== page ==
I’m so glad you wrote this post. I believe this is a significant issue for many people. We are only just beginning to understand the interactions/relationships between the gut and the mind. I was diagnosed with “classic” celiac disease symptoms in the 1960s when I was a toddler and failing to thrive. Other members of my family of origin have serious mental health issues and will not consider the possibility that they, too, have problems digesting gluten. I can’t be the only celiac in the family, and irrational rage/histrionics have destroyed my family relationships. I appreciate your calming, rational treatment of that poor woman.

  5. WENDY says:

    i think your book would be an interesting read. shame i can’t afford it. i have refractory coeliacs disease. i was born with coeliacs disease. am 40 now. please could you publish more info on coeliacs rage as i have serious anxiety and can get so angry to the point of self harm. i am under the doctor for this but ahe has never suggested coeliac rage. if i can hit her with it, it may help. thank you

  6. M.A. says:

    My symptoms are: 1) depression, 2) circles under eyes, 3) gas and 4) urinary incontinence. Every time I have gluten, forgive me, I leak a bit. Doesn’t happen off gluten. Hope this helps someone else to recognize it.

  7. GFree_Miel says:

    That’s really interesting, and it makes a lot of sense. I remember before my diagnosis, I would get really depressed and irritable. When I’m contaminated, I can usually tell either by sudden physical heaviness or by change in mood. I would suddenly get very depressed or I would lash out. I’m really interested in reading your book after reading this post.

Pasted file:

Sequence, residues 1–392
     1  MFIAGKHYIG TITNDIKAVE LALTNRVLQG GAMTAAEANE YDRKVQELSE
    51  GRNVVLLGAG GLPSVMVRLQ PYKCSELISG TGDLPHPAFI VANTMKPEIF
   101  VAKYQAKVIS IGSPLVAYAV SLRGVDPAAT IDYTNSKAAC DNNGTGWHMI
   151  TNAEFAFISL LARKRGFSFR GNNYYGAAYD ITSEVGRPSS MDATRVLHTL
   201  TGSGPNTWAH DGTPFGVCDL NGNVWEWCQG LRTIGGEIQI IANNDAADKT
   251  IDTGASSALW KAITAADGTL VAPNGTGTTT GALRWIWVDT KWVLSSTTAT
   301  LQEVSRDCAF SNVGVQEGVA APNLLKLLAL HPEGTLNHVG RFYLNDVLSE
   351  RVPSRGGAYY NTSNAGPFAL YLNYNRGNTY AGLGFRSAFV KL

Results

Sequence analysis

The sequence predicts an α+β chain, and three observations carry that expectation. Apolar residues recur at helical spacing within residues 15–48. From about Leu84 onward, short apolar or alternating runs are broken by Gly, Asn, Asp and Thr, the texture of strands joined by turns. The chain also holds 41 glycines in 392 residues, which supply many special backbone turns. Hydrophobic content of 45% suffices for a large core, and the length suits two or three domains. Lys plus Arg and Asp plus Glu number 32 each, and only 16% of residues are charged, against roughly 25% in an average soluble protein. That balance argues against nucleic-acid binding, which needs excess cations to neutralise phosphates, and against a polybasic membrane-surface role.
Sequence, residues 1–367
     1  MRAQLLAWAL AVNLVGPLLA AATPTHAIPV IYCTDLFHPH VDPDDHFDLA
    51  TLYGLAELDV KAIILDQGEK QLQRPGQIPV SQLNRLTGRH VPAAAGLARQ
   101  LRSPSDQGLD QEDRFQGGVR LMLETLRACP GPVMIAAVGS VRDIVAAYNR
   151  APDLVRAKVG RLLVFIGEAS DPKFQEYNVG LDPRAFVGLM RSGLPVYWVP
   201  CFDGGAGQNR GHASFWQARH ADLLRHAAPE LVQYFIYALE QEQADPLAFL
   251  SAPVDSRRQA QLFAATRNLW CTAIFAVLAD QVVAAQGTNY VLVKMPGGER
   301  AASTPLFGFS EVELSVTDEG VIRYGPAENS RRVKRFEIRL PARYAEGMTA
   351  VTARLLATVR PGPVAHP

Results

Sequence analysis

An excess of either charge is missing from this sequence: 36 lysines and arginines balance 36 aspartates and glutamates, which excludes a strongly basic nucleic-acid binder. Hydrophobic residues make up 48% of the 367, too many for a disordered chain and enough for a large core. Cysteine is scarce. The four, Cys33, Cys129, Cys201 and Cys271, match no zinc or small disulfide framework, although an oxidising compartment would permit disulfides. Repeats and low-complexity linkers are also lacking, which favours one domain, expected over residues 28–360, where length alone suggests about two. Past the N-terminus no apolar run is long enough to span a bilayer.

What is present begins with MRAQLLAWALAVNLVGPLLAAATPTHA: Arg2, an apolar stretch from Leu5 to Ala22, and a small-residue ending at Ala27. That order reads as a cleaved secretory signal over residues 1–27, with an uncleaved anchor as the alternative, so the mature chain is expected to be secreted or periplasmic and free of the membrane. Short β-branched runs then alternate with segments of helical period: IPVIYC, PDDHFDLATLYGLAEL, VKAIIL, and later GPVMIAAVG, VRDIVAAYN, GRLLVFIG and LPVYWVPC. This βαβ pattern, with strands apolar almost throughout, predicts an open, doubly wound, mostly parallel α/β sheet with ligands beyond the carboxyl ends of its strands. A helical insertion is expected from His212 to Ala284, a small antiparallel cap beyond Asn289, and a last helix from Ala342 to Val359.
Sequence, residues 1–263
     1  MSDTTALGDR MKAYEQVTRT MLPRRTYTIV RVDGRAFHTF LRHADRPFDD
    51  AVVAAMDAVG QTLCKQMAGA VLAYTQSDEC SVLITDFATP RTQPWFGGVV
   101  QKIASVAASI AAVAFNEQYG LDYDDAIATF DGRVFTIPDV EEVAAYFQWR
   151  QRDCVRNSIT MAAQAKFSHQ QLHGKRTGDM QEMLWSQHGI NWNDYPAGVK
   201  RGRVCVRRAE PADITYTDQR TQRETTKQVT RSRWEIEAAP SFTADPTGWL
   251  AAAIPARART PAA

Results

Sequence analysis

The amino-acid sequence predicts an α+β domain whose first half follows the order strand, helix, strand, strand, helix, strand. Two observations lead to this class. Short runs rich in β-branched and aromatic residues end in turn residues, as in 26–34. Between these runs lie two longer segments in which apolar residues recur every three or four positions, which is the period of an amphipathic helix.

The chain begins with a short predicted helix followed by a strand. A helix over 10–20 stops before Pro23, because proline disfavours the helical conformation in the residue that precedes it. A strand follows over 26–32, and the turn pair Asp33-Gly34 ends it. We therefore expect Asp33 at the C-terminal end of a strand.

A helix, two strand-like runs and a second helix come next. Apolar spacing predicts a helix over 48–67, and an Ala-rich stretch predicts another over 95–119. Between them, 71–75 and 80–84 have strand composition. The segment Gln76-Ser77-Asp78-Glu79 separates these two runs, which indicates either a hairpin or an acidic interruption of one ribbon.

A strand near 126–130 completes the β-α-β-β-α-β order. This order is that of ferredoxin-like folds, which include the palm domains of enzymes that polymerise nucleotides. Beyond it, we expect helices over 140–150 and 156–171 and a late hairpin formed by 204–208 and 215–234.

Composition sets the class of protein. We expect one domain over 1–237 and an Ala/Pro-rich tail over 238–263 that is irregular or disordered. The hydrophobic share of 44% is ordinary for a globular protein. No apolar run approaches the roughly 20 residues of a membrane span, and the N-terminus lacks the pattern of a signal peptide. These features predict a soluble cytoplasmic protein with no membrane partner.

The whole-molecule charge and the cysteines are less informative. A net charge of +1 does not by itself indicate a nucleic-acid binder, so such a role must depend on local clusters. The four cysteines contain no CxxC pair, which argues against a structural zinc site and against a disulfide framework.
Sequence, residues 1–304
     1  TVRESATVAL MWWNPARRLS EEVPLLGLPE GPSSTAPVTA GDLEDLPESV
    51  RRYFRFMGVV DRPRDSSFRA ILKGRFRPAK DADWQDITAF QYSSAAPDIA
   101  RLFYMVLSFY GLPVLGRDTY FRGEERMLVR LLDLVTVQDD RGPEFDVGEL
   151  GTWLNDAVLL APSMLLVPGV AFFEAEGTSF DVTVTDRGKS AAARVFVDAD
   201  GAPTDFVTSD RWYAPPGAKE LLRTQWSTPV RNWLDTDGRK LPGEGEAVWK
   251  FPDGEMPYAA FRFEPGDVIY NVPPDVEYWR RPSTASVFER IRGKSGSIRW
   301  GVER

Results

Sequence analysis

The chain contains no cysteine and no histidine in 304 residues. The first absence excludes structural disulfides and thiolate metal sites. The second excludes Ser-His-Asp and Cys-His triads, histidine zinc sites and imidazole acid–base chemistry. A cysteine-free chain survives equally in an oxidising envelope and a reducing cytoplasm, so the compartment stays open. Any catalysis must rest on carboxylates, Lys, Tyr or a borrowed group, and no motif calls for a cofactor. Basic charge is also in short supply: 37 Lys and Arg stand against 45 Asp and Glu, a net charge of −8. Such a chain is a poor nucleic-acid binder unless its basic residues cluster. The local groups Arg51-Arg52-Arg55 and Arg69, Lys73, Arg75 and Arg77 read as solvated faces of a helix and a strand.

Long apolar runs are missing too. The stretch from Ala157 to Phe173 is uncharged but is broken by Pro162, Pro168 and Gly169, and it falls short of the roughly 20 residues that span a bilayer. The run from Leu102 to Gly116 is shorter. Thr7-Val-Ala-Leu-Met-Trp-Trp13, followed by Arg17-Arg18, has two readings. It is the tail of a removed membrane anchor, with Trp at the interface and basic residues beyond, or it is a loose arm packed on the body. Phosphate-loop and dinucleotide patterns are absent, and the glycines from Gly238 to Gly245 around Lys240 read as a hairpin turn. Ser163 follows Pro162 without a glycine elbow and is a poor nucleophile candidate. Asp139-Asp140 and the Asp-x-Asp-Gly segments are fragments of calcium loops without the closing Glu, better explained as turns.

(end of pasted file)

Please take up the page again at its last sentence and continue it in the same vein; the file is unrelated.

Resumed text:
8. Pamela Blanton says:

    I have not been officially diagnosed with celiacs but feel quite certain I have it. I am 48 years old and have had many problems, beginning with the stomach, since 4th grade. I just went gluten free less than 2 years ago, but have since been symptom free and have mostly recovered my mental and emotional health. I had unknowingly “poisoned” myself for 40 years and am just getting my life back. I’m no longer depressed, fatigued, irritable, intolerant, or having stomach problems. I am getting back my short-term memory but I still feel less than normal cognitively and sometimes emotionally. Some days I’m on my game and other days I’m very sporadic in my mental faculties.
    I have made many bad decisions over the past 10 yrs, previous to going gluten free, and wonder if maybe my many years of malnutrition had a factor in it. My family has always supported me through the years with my problems until just the other day. I informed my sister of another huge set-back in my life and she questioned me, “With all your bad luck, do you think that your problems are because of YOU? What is it you’re doing wrong?” I was very hurt and appalled when she said this since none of my “bad luck” was done on PURPOSE, which is what I think she insinuated. But I had always questioned myself the same thing secretly. “What is wrong with ME and why do I always end up in such bad situations?”
    Do you think I AM/WAS “deformed” (for lack of a better word) due to the malnutrition I suffered over so many years?
    Note: I have found large amounts of Folic Acid (2000 mg. a day) has a significant impact on my short-term memory and cognitive abilities. I wonder if there are any other supplements that may be able to help me. Feel free to e-mail me if you have a response you’d like to share. Put “CELIACS ROCK” in the subject line so I’ll know not to delete.
    Thank you for listening,
    Pam